What Makes for a Good Restaurant Review?

After my recent entry about Quince restaurant in Bangkok, Nathanael (NVPhotography) asked my advice on writing restaurant reviews, since a local paper had asked him to review on new restaurant in town. Never having given it much thought, I asked for a few days to consider my response.

Let me say that I don’t consider most of my entries about restaurants to be true reviews. I just share some pictures of the food and offer some comments. A proper review is more in depth and thoughtful than my musings normally are. That said, let me share five thoughts about what makes for a good restaurant review.

Tawn selects bread at Pollen restaurant at Gardens by the Bay in Singapore.

First, have no conflicts of interest. You cannot offer an objective review if you have been paid by the restaurant, have received any complimentary dishes, or have any financial stake in the restaurant. It is customary for some restaurants to send an amuse bouche, a tiny bite before you dine, to whet your appetite. This does not count as a complimentary dish, as it is given to all diners.

Second, provide a context. This means explaining a bit of the history of the restaurant and/or the background of the chef. Now, this may be more applicable to a higher-end restaurant than to a local diner, but even in the later case, the fact that it is a local diner owned by a family of Greek vegetarians might help us understand what they are trying to accomplish. Think of it this way: when you watch a local high school drama department’s production of “Anything Goes,” you have very different expectations than when seeing the debut of a new opera by a professional company.

Third, explore the menu, especially specials. A good reviewer will either dine with a group or will return to the restaurant several times, in order to sample a wide range of dishes. It isn’t just the number of dishes that is important, though. What also matters is the type of dishes. If a chef is known for his charcuterie (prepared meats) then be sure to order the tripe, the head cheese, and the blood sausage. If the restaurant specializes in seafood, order a lot of fish and not much steak. Most of all, be sure to try any specials. These are meant to reflect the chef’s talent and creativity, often using seasonal ingredients. This gives the restaurant a chance to shine in the area they claim to be their best.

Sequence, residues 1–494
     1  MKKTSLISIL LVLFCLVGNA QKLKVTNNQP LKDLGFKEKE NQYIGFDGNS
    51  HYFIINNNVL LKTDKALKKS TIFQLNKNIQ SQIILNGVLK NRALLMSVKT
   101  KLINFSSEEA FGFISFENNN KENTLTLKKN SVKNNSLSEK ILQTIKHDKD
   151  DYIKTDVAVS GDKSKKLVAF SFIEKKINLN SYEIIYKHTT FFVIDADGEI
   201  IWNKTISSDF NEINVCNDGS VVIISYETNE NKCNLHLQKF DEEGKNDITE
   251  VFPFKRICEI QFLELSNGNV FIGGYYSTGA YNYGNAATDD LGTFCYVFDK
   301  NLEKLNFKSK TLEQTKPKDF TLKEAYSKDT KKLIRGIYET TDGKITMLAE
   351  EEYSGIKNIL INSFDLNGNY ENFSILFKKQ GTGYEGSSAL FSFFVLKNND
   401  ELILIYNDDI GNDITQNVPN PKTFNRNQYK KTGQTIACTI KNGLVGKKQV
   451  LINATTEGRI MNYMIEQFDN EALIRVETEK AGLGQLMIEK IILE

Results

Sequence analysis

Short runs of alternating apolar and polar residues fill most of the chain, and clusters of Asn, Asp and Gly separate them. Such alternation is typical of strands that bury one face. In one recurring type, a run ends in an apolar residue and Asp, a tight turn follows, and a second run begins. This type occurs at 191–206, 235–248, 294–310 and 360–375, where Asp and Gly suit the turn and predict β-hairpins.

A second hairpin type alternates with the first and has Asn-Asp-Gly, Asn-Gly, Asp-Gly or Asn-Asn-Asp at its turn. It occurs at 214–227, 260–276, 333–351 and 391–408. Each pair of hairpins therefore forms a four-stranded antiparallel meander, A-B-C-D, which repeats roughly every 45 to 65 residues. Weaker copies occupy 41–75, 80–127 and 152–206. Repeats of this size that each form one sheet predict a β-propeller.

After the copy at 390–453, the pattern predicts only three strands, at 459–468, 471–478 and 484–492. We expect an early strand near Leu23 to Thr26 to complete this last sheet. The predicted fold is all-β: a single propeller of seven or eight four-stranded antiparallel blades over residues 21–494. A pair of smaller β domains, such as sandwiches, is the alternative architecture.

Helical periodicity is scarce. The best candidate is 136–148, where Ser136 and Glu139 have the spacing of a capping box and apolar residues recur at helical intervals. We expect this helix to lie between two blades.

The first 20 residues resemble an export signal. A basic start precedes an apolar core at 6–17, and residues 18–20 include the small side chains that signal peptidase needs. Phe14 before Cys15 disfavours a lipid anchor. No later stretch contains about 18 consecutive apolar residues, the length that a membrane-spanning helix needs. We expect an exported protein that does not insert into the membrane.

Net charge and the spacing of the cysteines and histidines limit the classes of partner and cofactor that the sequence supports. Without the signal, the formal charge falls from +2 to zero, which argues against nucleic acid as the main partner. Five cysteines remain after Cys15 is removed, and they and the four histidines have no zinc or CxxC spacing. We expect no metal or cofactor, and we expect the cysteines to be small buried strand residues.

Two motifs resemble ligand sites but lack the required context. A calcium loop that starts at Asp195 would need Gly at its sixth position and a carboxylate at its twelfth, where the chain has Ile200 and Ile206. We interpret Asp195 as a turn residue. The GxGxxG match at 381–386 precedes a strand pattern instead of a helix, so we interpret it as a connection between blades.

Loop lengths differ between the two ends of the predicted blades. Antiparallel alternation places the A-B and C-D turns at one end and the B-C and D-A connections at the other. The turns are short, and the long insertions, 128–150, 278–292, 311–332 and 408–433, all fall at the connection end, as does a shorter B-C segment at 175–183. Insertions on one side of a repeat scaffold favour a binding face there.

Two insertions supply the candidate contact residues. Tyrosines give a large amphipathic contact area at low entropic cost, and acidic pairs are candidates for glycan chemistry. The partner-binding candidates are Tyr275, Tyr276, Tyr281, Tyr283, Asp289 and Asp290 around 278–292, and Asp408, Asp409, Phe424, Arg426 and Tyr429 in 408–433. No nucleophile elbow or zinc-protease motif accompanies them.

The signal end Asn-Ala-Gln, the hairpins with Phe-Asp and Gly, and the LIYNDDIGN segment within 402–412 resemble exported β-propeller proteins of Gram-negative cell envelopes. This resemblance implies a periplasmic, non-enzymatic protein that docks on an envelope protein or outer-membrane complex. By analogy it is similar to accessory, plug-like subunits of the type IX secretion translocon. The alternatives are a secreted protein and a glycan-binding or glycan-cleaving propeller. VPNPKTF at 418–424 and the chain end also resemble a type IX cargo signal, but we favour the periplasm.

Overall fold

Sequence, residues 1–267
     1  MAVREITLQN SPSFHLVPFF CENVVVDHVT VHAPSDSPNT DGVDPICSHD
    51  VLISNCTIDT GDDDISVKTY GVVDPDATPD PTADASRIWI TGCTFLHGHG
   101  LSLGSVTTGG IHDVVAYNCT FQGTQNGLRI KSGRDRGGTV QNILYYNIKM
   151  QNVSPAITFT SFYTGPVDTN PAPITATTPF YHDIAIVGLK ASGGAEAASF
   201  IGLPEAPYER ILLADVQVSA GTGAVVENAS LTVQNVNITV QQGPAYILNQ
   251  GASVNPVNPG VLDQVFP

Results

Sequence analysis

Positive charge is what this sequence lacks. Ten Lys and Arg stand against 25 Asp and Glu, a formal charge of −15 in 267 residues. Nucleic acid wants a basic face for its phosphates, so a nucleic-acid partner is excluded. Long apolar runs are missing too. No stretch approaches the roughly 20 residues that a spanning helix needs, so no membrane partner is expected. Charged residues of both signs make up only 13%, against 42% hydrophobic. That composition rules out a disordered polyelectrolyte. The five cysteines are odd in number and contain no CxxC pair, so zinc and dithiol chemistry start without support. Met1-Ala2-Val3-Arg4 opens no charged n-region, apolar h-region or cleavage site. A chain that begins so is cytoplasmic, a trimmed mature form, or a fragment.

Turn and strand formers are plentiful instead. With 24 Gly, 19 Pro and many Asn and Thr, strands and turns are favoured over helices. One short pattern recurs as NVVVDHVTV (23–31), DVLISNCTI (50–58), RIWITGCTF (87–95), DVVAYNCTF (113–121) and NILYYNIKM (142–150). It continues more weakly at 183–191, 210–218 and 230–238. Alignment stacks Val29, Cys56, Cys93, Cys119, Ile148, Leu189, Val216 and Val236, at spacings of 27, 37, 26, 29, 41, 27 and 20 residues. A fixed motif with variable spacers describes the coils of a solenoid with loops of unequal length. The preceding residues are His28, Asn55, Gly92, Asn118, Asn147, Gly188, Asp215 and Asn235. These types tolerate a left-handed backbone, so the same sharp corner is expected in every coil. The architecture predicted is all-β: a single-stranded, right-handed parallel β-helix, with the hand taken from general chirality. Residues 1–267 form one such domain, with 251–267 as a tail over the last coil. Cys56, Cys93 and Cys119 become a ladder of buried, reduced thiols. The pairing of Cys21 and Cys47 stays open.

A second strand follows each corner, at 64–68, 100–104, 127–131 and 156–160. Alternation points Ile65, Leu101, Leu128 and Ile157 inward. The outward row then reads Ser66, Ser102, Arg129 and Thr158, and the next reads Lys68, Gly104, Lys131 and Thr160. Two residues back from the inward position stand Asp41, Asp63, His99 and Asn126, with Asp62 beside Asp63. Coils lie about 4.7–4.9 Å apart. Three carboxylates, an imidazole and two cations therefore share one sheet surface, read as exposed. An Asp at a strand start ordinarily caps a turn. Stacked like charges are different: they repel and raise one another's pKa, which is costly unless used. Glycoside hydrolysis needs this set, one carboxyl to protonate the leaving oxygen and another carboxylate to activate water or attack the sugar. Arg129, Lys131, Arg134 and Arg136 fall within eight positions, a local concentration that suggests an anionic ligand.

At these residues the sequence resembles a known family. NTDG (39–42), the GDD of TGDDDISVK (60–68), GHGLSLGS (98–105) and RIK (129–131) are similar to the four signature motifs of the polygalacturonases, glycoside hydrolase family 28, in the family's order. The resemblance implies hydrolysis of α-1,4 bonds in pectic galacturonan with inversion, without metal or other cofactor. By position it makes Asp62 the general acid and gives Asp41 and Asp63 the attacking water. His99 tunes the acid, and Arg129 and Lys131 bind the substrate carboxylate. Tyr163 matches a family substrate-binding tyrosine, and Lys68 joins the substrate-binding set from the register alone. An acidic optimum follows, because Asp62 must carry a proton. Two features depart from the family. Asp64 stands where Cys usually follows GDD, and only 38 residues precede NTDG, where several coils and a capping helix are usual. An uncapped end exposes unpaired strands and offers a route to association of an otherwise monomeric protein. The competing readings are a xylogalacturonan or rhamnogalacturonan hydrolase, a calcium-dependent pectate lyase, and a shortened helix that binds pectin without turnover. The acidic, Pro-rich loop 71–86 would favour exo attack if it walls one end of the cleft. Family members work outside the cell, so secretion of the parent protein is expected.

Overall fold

Fourth, be fair in your review. Everyone has their bad days and your dining experience can be influenced by factors that are out of the control of the chef or the restaurant staff. A table of rowdy drunks may ruin the ambience, but it isn’t fair to criticize the restaurant for their behavior. Even poor service from a waiter should be put into context. If possible, make a follow-up visit to see whether the poor service persists or was possibly unusual.

Finally, when you write, try to be as specific as possible. Instead of simply saying that a dish was good, try to explain what you enjoyed about it. This fifth point has helped me pay more attention and be more thoughtful when I eat. When I think about the flavors and notice how they contrast or complement each other, I get more out of the dining experience. If you can convey that thoughtfulness in your review, your readers will get more out of the review.

Of course, I’m sure that if we poked around in my previous entries about restaurants, we could find plenty of times when I’ve broken one or more of these guidelines. As they say, do as I say, not as I do! 

What are your thoughts about what makes a good restaurant review?


0 thoughts on “What Makes for a Good Restaurant Review?

  1. What I post is hardly a review except to give a thumbs up or down… and I’m not as picky or decerning as a true reviewer would be. hehe! I do love your posts – I learn something every time!

  2. Exactly what you said. When someone asks me where is a good place to go eat here where I live, I always rec “The One Eyed Crab”.The food is wonderful and they have a large variety with a menu for meat lovers and vegetarians.The service is great and the atmosphere is warm and friendly.It is clean and has a wonderful fragrance that is not over whelming.The ac in the summer time is not to cold, and the heat in the winter is not to hot.The tinted, large windows look out over the ocean and the docks, so the view is peaceful and calming.This is my fav spot to go out for any meal and their fresh crab, cheddar cheese omelette is amazing.

  3. nice, you covered all the points and seem very fair in your judgment! i like how you try to be as objective as humanly possible (when it comes to something as subjective as food) 🙂

  4. I think the only thing I would add would be the technical stuff, like taking pictures of the food when there is natural light. I find it very important whenever I read a restaurant review that pictures are there to add to the reading experience. And since he has never written one before, your friend should read a few other blogs written by professional food writers so that he has an idea how they write one. Also one thing I find when it comes to asian food writes is their fear of offending anyone when it comes to not liking a dish. Given that yes, we need to take into account when the restaurant is having a bad day, but also that sometimes when a dish isn’t good, it isn’t good. Just my thoughts =)

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